• Brightline (All Aboard Florida) Orlando - Miami FL FEC fka Virgin Rail

  • This is a forum for all operations, both current and planned, of Brightline, formerly All Aboard Florida and Virgin Trains USA:
    Websites: Current Brightline
    Virgin USA
    Virgin UK
This is a forum for all operations, both current and planned, of Brightline, formerly All Aboard Florida and Virgin Trains USA:
Websites: Current Brightline
Virgin USA
Virgin UK

Moderator: CRail

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  by ExCon90
 
The March Railway Age reports as follows:
"Florida East Coast Railway has named Eugene Skoropowski Senior Vice President -- Passenger Service Development, based in Orlando, Fla." A bio follows, mentioning among other things his 10 years as managing director of the CCJPA Capitol Corridor. Hold on to your hats?
  by Station Aficionado
 
Interesting that he'll be based in Orlando--does this mean FEC would be interested in operating Sunrail (or whatever the new commuter service will be called)?
  by amtrakowitz
 
Don't know if FEC's "All Aboard Florida" is part of a Central Florida network since it's supposed to really connect South Florida with central; if not, then perhaps this post can be split off.

Businesswire
Florida East Coast Industries, Inc. (FECI), the owner of Florida’s premier passenger rail corridor, is developing a privately owned, operated and maintained passenger rail service to connect South Florida and Orlando, which will be operational in 2014. By connecting the most visited city in the United States with South Florida’s business and vacation destinations, the passenger rail project, called All Aboard Florida, is designed to serve Florida’s growing number of business travelers, as well as families and tourists traveling for pleasure.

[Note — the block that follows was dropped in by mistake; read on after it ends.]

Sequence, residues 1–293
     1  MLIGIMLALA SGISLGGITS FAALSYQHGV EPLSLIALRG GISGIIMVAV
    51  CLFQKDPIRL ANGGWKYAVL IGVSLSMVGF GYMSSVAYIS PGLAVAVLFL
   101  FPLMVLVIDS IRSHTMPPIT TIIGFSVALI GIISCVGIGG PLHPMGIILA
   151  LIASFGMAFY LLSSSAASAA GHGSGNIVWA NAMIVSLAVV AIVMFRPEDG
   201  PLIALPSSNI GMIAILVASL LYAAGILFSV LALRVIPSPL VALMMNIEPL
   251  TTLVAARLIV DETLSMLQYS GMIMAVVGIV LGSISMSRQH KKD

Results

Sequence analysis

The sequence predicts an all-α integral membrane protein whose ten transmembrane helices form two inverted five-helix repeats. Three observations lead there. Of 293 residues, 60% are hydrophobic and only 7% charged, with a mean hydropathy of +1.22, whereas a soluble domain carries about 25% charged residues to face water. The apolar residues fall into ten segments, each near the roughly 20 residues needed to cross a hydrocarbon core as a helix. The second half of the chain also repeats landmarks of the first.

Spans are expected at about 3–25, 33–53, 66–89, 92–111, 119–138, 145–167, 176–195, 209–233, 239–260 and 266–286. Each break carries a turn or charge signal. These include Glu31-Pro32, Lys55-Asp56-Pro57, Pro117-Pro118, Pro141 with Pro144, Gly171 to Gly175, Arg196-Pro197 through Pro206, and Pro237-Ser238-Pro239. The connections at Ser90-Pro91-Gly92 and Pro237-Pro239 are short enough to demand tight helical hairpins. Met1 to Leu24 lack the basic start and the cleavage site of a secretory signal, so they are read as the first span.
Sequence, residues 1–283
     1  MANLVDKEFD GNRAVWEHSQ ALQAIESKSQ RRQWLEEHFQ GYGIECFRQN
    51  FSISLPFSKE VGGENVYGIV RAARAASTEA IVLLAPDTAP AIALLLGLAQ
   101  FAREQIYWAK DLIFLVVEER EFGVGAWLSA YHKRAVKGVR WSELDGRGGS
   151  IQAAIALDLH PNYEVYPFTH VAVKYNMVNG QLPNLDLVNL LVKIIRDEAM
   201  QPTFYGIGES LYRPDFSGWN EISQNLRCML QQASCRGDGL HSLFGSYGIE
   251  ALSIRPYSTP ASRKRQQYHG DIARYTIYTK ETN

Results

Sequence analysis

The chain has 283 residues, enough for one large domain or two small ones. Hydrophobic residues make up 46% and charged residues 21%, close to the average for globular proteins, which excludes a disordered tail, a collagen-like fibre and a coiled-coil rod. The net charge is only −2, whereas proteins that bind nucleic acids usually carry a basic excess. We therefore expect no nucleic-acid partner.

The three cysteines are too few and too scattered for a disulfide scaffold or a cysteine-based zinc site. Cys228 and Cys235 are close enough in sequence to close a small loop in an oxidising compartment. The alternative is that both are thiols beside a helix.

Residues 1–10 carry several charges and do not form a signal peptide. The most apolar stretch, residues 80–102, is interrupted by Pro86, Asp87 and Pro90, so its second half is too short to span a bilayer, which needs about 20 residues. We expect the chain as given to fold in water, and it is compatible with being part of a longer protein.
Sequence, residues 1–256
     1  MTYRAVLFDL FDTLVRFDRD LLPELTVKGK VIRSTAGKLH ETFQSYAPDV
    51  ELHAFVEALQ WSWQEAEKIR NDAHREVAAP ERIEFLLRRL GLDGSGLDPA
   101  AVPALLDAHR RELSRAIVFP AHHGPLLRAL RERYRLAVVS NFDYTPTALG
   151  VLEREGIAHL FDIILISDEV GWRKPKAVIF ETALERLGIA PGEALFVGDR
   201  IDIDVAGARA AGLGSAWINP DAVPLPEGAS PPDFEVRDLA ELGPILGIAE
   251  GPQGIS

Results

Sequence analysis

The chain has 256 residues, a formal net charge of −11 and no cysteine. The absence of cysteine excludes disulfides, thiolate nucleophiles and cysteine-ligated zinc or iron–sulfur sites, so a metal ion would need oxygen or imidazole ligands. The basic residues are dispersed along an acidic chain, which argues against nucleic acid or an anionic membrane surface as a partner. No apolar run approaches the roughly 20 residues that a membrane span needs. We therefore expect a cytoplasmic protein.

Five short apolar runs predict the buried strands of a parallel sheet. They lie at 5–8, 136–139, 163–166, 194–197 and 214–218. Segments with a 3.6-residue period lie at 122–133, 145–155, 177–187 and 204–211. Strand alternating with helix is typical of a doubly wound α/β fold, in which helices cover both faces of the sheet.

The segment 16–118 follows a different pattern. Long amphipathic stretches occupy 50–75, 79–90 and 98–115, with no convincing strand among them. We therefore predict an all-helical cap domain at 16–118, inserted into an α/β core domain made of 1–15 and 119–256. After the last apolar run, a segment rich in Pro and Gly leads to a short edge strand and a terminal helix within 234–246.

The All Aboard Florida passenger rail project will connect South Florida to Orlando through a 240-mile route combining 200 miles of existing tracks between Miami and Cocoa and the creation of 40 miles of new track to complete the route to Orlando. Eventually the system could be expanded with connections to Tampa and Jacksonville. …

All Aboard Florida is an intercity passenger rail project that will connect South Florida to Orlando with intermediate stations in Fort Lauderdale and West Palm Beach. This rail service will give Floridians and visitors a viable transportation alternative to congested highways and airport terminals. All Aboard Florida will provide a high-quality experience for passengers and will be the first privately owned, operated, and maintained passenger rail system in the United States.
Well obviously not the first, but certainly the first in a very long time.
  by Ocala Mike
 
That's a game-changer, if it comes to pass. Can't see how they can get that up and running in two years, but I'm staying tuned.
  by Paulus Magnus
 
That's going to completely rock American passenger rail and potentially put Amtrak's contracts for corridor services in jeopardy if they can bring investment and/or greatly lowered subsidies elsewhere.
  by trainmaster611
 
40 miles of new track in 2 years? That sounds incredibly ambitious (which says a lot about American infrastructure environment). But still, I don't see how they could pull this off in that amount of time.
  by electricron
 
Ocala Mike wrote:That's a game-changer, if it comes to pass. Can't see how they can get that up and running in two years, but I'm staying tuned.
It'll take two years to build the missing 40 miles of track between Orlando and Coco Beach, after taking who knows how many years to buy the corridor. Is there an old abandoned railroad corridor available they could use, or are they planning on buying some of the Beeline Expressway right-of-way?
It'll also take more than two years to build brand new railcars, so a very early startup probably means buying or leasing existing railcars. Which railcars might be available within two years? TRE RDCs (100%)? Amtrak's Horizons (50%)? Wisconsin's Talgos (50%)? Are there other possibilities suitable for a 250 mile trip?
  by trainmaster611
 
I have a feeling their betting on using the Beeline Expressway since that's the only ROW of any kind between Cocoa and Orlando. As far as rolling stock is concerned, aren't the horizons going to be displaced by the new bilevels? Even if that doesn't pan out, if they act fast enough they can piggyback an order with Amtrak's current order for bilevels.